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Farmers’ Adaptation Sustainability in Tunisia through Excellence in Research: FASTER

Periodic Reporting for period 1 - FASTER (Farmers’ Adaptation Sustainability in Tunisia through Excellence in Research: FASTER)

Reporting period: 2018-11-01 to 2020-01-31

Farmers’ Adaptation and Sustainability in Tunisia through Excellence in Research (FASTER) is a Twinning Project funded by the European Commission (Directorate-General for Research and Innovation) through Horizon 2020 funding programme. FASTER aims to reinforce research and knowledge transfer capacity of the Tunisian National Research Institute of Rural Engineering, Water and Forests (INRGREF) related to innovative climate change adaptation measures in land and water management and its implementation through the use of Farm Advisory Systems (FAS). To achieve its mission, FASTER is developing a sustainable framework for research and is building international networking and partnership as well as FAS capacity building and practice.
The consortium gathers seven European and Tunisian partners. CREAF and Lund University are ensuring knowledge transfer to strengthen the scientific excellence of researchers and technicians of INRGREF and the associated IRESA (the Institution for Agricultural Research and Higher Education) centres. Europe for Business will then evaluate the experience from the economic perspective, and Vision Communication will ensure an appropriate public awareness, dissemination of results, and training support. Finally, AVFA (the Agriculture Extension and Training Agency) will serve as a liaison with policy makers and related stakeholders, making sure to integrate the FASTER results into national policies.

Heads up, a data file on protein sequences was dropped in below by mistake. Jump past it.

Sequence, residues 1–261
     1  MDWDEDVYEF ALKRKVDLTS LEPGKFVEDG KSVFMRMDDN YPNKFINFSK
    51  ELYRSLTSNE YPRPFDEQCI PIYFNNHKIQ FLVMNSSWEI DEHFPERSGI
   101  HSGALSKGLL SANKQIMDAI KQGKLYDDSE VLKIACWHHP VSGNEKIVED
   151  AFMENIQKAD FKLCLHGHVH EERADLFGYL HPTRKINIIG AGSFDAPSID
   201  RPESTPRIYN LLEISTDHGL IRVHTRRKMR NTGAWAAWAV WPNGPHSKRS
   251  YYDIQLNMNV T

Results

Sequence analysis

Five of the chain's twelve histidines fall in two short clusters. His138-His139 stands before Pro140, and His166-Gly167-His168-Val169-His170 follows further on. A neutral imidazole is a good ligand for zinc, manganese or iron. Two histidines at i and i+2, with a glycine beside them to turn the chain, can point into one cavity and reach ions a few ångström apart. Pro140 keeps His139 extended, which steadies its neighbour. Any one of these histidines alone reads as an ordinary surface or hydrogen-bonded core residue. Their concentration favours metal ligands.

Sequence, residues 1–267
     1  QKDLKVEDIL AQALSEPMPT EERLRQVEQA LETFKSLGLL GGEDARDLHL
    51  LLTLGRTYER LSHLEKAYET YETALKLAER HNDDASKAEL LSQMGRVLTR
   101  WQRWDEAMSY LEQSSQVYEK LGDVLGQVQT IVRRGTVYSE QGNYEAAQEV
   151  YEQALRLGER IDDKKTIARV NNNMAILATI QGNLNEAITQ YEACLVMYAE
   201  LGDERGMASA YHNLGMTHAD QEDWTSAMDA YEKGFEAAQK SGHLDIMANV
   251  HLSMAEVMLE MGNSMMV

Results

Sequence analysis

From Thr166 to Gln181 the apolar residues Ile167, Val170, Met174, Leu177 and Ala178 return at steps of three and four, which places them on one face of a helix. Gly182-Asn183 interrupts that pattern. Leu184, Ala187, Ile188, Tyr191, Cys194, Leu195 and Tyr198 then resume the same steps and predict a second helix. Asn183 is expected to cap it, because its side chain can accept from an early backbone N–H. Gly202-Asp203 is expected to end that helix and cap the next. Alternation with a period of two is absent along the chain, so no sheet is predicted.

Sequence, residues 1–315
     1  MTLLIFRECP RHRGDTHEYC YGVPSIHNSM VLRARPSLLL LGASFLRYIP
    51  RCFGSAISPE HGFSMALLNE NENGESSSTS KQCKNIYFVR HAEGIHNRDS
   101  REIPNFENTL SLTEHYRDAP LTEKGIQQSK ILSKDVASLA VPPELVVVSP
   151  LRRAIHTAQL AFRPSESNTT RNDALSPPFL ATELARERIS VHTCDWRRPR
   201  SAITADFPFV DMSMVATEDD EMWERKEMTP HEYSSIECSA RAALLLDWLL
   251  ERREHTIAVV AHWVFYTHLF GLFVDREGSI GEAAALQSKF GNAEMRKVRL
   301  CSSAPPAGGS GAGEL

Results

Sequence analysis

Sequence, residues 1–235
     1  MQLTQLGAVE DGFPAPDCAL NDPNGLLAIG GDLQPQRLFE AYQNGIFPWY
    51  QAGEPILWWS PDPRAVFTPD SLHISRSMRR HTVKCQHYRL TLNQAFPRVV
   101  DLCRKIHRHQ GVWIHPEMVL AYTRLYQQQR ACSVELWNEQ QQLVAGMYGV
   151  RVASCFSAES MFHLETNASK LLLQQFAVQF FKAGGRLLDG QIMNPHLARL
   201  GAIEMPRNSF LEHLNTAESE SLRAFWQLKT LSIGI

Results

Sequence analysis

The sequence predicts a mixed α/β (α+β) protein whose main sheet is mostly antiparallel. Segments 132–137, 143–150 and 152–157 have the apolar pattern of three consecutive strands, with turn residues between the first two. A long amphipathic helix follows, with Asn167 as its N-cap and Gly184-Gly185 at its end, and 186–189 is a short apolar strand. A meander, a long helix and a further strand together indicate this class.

FASTER has a dedicated WP1 on ethical requirements to ensure that all research undertaken in the project, including data management aspects, complies with H2020 ethical standards. As part of the internal communication objectives, the FASTER project contacted, engaged and appointed an Advisory Board. Current information flow and constructive communications have also taken place with the various EC Project Officers appointed to supervise the project.

The consortium met three times so far (kick-off and two Steering Committee Meetings). These opportunities allowed the project partners, debate and intensely discuss all the activities performed and the next steps planned. Moreover, the work page (WP) leaders meet monthly via Skype. All the efforts of interaction have proved to be enriching and very productive in achieving the objectives to date.

As a first and a second steps to deal with capacity building, FASTER organized the cross-cutting training as well as the research excellence tools training (April and October 2019). The participation to the trainings was opened to the institutional members of INRGREF and to the wider Tunisian research community via IRESA centres and institutions. Gender balance among the participant was promoted and prioritized during the selection process. Even though, the number of females was spontaneously exceeding and doubling the number of males in both events. The trainings, included about 12 courses and benefited to more than 300 participants. The goal of the courses was to provide the necessary knowledge and tools to increase performance indicators, provide outputs to the achieved research and obtain the resources to conduce new excellent research. In the same line, the first mobility activities benefited to 5 tunisian researchers, who visited LU and CREAF. The visits were performed during April and July 2019. The collaboration focused on common interests and aimed publications of the results.